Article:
They were mainly paired with 3500 six wheel tenders although some were paired with the larger 4000 gallon 8 wheel ‘watercart’ tenders.
The K10s were never superheated and had few changes during their lifetime apart from the original Drummond firebox water tubes being removed by Urie and the removal of the smokebox wingplates. Ten of the class were fitted with stovepipe chimneys in 1925 to allow their use on the Eastern Section. Nine members of the class were withdrawn in 1947 with the remaining entering British Railways stock for a brief while, only No. 30382 received its BR Number whilst No. 389 was the last to survive until July 1951.
Past Southern locomotive produced by the ’00’ Works, some of which have since been produced or announced by the major manufacturers, has in addition to the D15 and I3 mentioned above, included: N15, 700, C, H, E4 and Adams Radial classes. The level of detail of these models has steadily improved over time, although is still not as high as we seem from the likes of Hornby or Bachmann, they have in the past filled gaps in the market and they should be applauded for taking on another LSWR / Southern prototype.
This release follows on from a number of Southern locomotive produced by the ’00’ Works in the past such as: N15, 700, C, E4, I3 and 0415 Adams Radial classes (although of course some of these have now all been subsequently been announced or produced by the major manufacturers). The level of detail of these models has steadily improved over time, although is still not as high as we see from the likes of Hornby and Bachmann, or from if built carefully from kits. No other ready to run D15 exists although kits have been available in the past from BEC and PDK
No. 463 The 00 Works ex LSWR D15 class
Tony advised: Having just taken delivery of the new 00 Works D15 loco in Southern olive green, I am pleased to say that it was extremely well packed, has a lot of weight above the driving wheels and captures the essence of Drummond’s original locomotive. As with 00 Works’ previous Southern loco (the I3 tank) the model has some interior cab detail, and wire handrails, whilst the lined olive livery is very well executed, however, this is a “limited run” RTR loco and at £280 it is not cheap; on this basis there are a number of niggles, some of which could perhaps have easily been resolved.
A head of view by comparison with OO Works D15 left and kit built PDK version right The moulded coal in the bunker does not look good and is not easily removable, so it will need some real coal to cover it; if real coal is not supplied, then my personal preference would be for the tender to be modelled empty. A tension lock coupling was fitted to the front of the loco and this was easily removed, although no alternative was supplied. Although the coupling rods are blackened, the wheel rims are not and look too shiny, there is no rivet detail around the boiler (which is prominent on the prototype), and although the top and bottom lamp irons are fitted, the two central ones (which should be on either side of the smoke box) are not represented; finally, brake hangars and blocks are modelled but there is no brake rigging.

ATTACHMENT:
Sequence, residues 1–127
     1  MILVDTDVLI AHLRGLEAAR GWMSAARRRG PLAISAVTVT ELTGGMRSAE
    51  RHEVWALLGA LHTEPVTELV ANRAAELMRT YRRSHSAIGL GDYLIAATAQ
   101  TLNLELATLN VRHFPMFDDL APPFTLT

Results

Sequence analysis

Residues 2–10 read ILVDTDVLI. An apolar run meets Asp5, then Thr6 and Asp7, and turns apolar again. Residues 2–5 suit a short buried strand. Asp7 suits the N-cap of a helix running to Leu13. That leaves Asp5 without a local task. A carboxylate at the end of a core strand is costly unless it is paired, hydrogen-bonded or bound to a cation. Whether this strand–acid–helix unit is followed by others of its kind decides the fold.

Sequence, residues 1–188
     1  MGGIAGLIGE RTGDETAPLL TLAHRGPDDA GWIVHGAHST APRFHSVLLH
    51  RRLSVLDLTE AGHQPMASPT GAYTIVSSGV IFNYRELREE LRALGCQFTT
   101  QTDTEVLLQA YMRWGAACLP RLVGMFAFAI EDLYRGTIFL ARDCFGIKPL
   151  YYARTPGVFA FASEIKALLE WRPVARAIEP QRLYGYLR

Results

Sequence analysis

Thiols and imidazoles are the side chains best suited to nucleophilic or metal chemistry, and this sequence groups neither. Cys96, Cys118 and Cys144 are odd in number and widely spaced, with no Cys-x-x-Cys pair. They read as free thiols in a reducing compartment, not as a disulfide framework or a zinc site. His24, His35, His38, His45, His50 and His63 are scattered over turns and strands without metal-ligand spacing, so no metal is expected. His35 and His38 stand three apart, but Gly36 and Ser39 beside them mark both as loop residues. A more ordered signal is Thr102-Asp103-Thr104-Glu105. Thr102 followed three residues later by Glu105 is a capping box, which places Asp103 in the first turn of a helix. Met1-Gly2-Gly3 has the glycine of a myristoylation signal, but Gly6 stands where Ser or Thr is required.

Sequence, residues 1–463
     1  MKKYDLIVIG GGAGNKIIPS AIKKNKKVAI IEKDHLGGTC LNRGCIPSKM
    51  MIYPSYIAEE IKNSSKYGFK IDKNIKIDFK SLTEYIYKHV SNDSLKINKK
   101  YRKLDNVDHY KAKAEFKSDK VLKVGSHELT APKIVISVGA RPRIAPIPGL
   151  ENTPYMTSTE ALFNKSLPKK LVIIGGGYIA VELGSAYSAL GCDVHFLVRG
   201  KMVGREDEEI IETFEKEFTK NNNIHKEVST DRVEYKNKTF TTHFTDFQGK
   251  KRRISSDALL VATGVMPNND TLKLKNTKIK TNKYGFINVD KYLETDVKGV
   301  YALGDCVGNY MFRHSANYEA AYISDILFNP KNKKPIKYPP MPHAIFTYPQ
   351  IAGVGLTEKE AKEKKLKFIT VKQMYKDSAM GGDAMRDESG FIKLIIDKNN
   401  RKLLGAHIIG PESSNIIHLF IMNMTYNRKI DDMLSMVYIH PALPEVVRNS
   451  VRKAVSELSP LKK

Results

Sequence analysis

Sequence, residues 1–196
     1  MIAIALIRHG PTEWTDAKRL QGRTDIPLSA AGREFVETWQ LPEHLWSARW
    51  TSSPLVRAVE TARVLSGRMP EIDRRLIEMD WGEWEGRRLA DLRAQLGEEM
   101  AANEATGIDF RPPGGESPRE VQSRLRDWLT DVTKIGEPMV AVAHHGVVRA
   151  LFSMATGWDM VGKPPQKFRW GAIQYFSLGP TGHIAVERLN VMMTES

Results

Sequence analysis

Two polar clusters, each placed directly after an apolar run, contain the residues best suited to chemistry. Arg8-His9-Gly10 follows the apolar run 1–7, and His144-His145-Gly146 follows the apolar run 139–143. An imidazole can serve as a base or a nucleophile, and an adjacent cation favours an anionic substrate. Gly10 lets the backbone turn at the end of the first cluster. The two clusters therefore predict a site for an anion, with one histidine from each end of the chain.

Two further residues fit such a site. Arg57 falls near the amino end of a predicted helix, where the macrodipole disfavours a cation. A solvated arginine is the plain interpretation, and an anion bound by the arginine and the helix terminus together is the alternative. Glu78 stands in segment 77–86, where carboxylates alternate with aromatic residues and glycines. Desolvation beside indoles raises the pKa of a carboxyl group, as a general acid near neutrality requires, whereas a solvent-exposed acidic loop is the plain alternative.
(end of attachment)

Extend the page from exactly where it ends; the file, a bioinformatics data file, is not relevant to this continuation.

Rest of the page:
Tony continued; On my particular model, the fixed loco to tender coupling was holding the front tender wheels off the track – which was easily adjusted, whilst the red cabside oval plates did not have the loco number within them.
The understaide of the 00 Works D15 The model is fitted with a coreless motor which is new for 00 Works, and whilst it appears powerful it seems noisier than other recent release from the mainstream manufacturers, however, my biggest problem arose from the way in which the loco is wired. It has pickups on one side of the loco and on the opposite side of the tender only – so of 14 available wheels (including the front bogie) the loco only picks up from 5 – a single wire connects the loco and tender (see picture). I spoke to Roderick Bruce at 00 Works and he described the way in which the loco was wired as “the American standard”; he also pointed out that his previous tender locos have been wired the same way.
Tony’s PDK kit built version to allow a comparison
I have since remedied this by fitting additional pick-ups to the opposite side of the loco, however, the conversation did cause me to look at my other 00 Works locos and perhaps unsurprisingly, I had noted 3 of them as being “poor runners” that I had yet to attend to. I have since fitted additional pick-ups to each and this has resolved all of the running issues, however, this does make me wonder whether it is reasonable these days to provide so few pick-ups – particularly on a 4-4-0 loco! Once the wiring was remedied, I put the loco onto a test train consisting of 8 x Hornby Pullmans and it was able to pull away on the flat – albeit with some wheel-slip – and make good speed; once run in it may perhaps do better.
Overall I am now happy with the loco, but it needed some tweaking to get to this point. Given that there is no mainstream RTR model of the D15 available, the 00 Works model remains a good choice, because the kit-built option will cost at least double – unless you are going to build the kit yourself. Nevertheless I think it would be fair to say that there is “room for improvement”!
From my own view of the images Tony supplied and those I have seen elsewhere an area that has slightly let down the finish of the 00 Works releases in the past has been the highly visible carrier film to decals especially the numbers, although Tony’s example in SR Olive Greens looks OK I have seen that this issue still exists on their numbered releases, especially the lined BR versions.
Despite these small issues the model from 00 Works fills a niche gap in the RTR market and a with little additional detail makes a fine model. Thanks again for Tony for his pictures and comments on this model.